Perhaps it was always going to be only a matter of time before an online insurgency combined with direct action forced the government to retreat on a key employment issue and in the process comprehensively upstage the trade union movement.
In the face of a hostile campaign which succeeded in alarming and embarrassing major employers of young people such as Tesco, Burger King, Waterstones, TK Maxx and the Arcadia group, the Minister of State for Employment Chris Grayling had no alternative but to execute a swift U-turn.
Campaigning to stop the removal of social security benefits from 16-24 year olds who dropped out of a voluntary work experience scheme was a cause which union leaders should have championed from the start but their pitiful record in recruiting youngsters employed in fast food, retailing and other service sector jobs had left the field wide open to the political activists behind groups like the Right to Work campaign.
By trying so belatedly to climb aboard the civil disobedience band wagon, Len McCluskey, general secretary of Britain’s largest union Unite, only underlined the dramatic upstaging of the union movement by a host of direct action groups which use the internet, social networking, messaging and the like to put the frighteners on major employers.
Their online campaigning – for example by accusing Tesco of taking advantage of “slave labour” – was an illustration of the way the front line for industrial action has been transformed by the ability of activists to mobilise support, whether for a Twitter campaign against Tesco or a protest sit-in at McDonald’s in Whitehall.
When Grayling finally threw in the towel (29.2.2012) and gave an assurance that jobless youngsters on unpaid “workfare” schemes would not lose benefits if they dropped out he was acknowledging the degree to which major employers are vulnerable to campaigns which damage their brands.
When protestors lined up outside Tesco Express stores carrying placards with the mocking words “Tesco Exploitation: Every little helps”, it was the last kind of advertising needed by a supermarket group which makes vast profits and which is accused of helping to denude High Streets of independent retailers.
If placard carrying youngsters also had a bundle of the Socialist Worker under their other arm, they were simply demonstrating the reality of modern-day protest movements.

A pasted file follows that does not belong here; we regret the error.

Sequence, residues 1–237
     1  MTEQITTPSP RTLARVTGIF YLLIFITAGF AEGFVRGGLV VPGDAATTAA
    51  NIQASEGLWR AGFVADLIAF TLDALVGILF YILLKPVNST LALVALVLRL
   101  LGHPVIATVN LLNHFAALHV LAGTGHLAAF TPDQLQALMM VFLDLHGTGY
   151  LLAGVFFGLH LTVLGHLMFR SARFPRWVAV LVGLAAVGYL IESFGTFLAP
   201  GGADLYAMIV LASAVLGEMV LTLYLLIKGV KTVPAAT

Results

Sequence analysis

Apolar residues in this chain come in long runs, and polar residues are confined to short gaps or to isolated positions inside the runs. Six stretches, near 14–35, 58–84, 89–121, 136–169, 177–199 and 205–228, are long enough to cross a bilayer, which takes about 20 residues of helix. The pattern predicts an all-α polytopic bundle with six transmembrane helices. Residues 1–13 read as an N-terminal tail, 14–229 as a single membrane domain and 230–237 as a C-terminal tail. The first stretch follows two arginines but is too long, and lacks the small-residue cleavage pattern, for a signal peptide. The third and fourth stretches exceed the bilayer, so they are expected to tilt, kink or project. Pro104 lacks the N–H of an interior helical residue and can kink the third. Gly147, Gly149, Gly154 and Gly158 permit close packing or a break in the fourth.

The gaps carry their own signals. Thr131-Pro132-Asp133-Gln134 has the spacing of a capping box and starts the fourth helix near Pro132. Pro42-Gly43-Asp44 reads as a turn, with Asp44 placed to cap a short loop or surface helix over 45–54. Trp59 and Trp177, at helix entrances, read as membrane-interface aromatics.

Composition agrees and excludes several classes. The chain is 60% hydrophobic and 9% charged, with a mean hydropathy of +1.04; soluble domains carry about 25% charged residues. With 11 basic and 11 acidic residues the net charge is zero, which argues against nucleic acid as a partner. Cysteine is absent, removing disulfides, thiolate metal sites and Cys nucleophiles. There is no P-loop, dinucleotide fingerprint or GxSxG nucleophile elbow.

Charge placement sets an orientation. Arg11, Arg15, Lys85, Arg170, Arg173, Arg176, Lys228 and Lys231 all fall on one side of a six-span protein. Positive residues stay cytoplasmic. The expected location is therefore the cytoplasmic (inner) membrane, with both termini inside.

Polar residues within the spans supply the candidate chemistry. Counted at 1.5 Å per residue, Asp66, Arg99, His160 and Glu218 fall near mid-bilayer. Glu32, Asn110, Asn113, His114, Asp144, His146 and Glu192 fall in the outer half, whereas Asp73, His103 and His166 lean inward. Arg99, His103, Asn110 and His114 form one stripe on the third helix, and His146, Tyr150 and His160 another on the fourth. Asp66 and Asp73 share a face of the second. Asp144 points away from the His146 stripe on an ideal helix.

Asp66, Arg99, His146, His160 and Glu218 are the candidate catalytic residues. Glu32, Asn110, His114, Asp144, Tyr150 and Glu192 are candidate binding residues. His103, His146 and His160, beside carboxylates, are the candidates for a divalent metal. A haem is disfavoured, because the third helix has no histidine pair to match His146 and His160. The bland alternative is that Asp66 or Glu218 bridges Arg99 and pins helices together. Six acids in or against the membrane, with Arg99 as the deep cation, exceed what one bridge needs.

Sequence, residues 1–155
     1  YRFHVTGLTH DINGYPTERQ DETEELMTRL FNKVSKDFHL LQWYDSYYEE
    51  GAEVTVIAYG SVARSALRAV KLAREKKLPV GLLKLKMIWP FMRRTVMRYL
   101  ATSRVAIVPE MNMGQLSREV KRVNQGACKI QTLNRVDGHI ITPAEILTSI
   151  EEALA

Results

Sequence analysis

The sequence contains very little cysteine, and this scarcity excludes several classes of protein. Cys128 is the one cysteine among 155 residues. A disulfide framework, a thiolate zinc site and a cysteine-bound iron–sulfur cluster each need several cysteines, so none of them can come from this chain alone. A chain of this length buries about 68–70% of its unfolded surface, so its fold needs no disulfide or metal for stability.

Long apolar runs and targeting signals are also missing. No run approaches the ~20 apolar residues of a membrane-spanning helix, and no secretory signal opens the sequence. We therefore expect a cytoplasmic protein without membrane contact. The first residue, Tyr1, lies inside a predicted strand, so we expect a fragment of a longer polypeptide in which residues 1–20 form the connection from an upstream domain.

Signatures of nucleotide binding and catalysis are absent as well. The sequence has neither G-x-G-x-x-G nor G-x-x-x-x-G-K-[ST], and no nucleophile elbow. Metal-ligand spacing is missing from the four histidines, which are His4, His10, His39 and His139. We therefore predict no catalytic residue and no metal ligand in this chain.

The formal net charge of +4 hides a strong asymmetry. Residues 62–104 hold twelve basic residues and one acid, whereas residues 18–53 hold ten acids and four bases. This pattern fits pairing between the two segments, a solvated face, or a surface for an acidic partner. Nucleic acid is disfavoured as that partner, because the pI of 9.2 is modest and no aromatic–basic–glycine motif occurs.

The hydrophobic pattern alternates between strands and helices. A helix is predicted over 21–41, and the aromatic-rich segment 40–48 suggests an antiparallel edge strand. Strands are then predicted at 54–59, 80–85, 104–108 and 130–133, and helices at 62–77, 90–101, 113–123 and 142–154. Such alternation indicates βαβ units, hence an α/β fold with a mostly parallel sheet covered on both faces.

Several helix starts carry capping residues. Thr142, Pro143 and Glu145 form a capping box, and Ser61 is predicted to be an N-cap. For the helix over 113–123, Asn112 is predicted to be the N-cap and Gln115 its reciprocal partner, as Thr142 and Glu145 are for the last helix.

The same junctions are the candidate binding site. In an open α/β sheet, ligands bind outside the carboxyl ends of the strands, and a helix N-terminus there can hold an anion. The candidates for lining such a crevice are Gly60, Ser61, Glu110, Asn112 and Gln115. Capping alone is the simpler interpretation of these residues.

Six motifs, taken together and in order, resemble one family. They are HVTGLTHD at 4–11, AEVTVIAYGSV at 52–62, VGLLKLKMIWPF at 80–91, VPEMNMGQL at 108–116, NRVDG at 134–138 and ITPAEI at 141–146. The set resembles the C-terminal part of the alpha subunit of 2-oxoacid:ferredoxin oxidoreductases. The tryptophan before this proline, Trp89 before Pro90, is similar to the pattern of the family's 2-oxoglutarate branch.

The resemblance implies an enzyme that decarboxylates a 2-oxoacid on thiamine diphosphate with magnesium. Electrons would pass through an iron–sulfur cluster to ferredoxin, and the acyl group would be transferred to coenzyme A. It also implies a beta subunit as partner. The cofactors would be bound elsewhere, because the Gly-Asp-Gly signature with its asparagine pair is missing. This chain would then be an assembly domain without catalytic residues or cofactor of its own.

While it gave Grayling and the Prime Minister David Cameron the chance to attack the protestors for being under the thumb of the Trotskyite Socialist Workers’ Party, that political attack also made it all the more embarrassing for a Labour Party supporting trade union like Unite.
In his interview for The Guardian (29.2.2012), Len McCluskey could hardly have sung the praises of the Right to Work campaign because to have done so would have immediately exposed him to the charge that he was offering support to a rival political party.
McCluskey did call on the general public to “engage in civil disobedience” and he urged the union movement to take advantage of London being host for the 2012 Olympic Games if it did provide “an opportunity” to defend public sector workers against the cuts being imposed by the government.
But he was careful to avoid mentioning Right to Work’s success in forcing a government climb down over “workfare” and instead singled out UK Uncut for its campaign of direct against further privatisation in the National Health Service.
The success of the RMT in securing Olympic Games bonuses of £1,000 or more for train drivers on London Underground and Overground underlines the continuing ability of some public sector unions to drive a hard bargain. But their reach only extends to well-organised groups like the workers of Transport for London.
Along the fast food outlets of the High Street and in the vast out-of-town shopping centres union recruitment has made few if any inroads in a young and transient workforce which is responding to the far more imaginative campaigning of groups such as Right to Work and UK Uncut or the Occupy movement which took on the bankers of the City of London.
Illustration: I newspaper, 1 March, 2012